A man in London tries to help a counterespionage agent. But when the agent is killed and the man stands accused, he must go on the run to both save himself and also stop a spy ring which is trying to steal top secret information.
A French intelligence agent becomes embroiled in the Cold War politics first with uncovering the events leading up to the 1962 Cuban Missle Crisis, and then back to France to break up an international Russian spy ring.
Set in Cornwall where a young orphan, Mary, is sent to live with Aunt Patience and Uncle Joss who are the landlords of the Jamaica Inn. Mary soon realizes that her uncle's inn is the base of a gang of ship wreckers who lure ships to their doom on the rocky coast. The girl starts fearing for her life. Written by
Claudio Sandrini <email@example.com>
The failure of the original copyright holder to renew the film's copyright resulted in it falling into public domain, meaning that virtually anyone could duplicate and sell a VHS/DVD copy of the film. Therefore, many of the versions of this film available on the market are either severely (and usually badly) edited and/or of extremely poor quality, having been duped from second- or third-generation (or more) copies of the film. See more »
A wave comes up, about to crash over the left side of the ship (in the opening scene). In the next shot, the wave is coming from behind. See more »
Can you make out the beacon light?
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I was pleasantly surprised when I first saw Hitchcock's 'Jamaica Inn'. I had heard so many bad things about the movie and the fact that it seemed to have been made on the cheap and in a hurry so Hitch could do a runner to Hollywood. I really liked this movie - I thought the lovely Maureen O'Hara made a very spirited Mary Yellan and Leslie Banks was great as her hulking bully of an Uncle, Joss. While not as technically inventive as some of Hitchcock's other work before or since, I felt it was made with care and presented a realistic, gloomy atmosphere of doom with its endless night time scenes and constant soundtrack of howling winds and crashing waves.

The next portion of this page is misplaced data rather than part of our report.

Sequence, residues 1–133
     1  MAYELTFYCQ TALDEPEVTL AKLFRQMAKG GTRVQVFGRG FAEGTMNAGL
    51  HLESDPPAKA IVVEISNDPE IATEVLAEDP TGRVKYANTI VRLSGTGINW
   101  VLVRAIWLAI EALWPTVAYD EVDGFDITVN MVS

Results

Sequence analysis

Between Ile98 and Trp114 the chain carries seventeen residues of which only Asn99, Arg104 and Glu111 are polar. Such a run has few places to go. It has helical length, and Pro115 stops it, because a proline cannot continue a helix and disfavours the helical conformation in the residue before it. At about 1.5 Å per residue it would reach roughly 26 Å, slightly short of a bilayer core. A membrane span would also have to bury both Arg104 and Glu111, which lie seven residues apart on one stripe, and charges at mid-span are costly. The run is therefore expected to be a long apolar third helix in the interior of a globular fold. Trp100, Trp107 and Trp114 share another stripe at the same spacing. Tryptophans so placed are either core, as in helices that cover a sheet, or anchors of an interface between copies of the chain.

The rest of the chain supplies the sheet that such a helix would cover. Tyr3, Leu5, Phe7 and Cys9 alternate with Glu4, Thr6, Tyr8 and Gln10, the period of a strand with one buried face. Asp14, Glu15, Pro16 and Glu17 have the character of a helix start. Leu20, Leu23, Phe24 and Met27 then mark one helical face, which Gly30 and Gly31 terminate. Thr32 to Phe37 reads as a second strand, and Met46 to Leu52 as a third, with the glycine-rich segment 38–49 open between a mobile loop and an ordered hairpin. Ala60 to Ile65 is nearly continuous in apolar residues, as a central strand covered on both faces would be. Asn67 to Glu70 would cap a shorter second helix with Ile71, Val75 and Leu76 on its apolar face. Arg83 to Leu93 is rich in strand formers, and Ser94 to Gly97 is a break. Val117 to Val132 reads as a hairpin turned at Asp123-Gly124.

And then I read the book...
Du Maurier's novel was so different as to bear no relation whatever to Hitchcock's film. The book was intense, gritty, dark and very moody. Mary Yellan was written almost as she is presented on screen with her sharp, Irish wits but Joss is a much more tortured, boorish animal than he is in the film. Also, the character played by Charles Laughton is absent in the book - or at least Laughton's incarnation is. The squire in the book is one of the good guys and features very little. The film of 'Jamaica Inn' may as well be called the Charles Laughton Show so as to give the actor every chance to overact.
See the film if you are a Hitchcock fan and enjoy it for what it is but if you've read and enjoyed the book, my advice would be to steer clear!
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